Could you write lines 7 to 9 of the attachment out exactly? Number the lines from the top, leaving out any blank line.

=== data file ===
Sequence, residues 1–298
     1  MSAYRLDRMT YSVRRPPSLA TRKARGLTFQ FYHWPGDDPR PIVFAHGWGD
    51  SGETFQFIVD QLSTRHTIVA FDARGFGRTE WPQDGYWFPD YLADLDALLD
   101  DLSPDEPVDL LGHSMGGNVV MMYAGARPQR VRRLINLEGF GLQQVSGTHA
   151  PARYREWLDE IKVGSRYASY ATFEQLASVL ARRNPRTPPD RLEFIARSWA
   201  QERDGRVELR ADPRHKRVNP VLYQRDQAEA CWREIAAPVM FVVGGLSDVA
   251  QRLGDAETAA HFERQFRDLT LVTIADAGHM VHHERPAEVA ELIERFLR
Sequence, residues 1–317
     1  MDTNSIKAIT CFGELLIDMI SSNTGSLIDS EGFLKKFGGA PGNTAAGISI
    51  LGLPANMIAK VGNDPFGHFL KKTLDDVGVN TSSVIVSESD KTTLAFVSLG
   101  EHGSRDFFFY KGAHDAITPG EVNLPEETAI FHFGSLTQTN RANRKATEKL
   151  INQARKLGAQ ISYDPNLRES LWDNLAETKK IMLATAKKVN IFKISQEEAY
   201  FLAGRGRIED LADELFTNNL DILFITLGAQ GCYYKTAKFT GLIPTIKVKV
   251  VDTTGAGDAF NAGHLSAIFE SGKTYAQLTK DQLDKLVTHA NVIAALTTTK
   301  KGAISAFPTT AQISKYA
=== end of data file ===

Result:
   251  QRLGDAETAA HFERQFRDLT LVTIADAGHM VHHERPAEVA ELIERFLR
Sequence, residues 1–317
     1  MDTNSIKAIT CFGELLIDMI SSNTGSLIDS EGFLKKFGGA PGNTAAGISI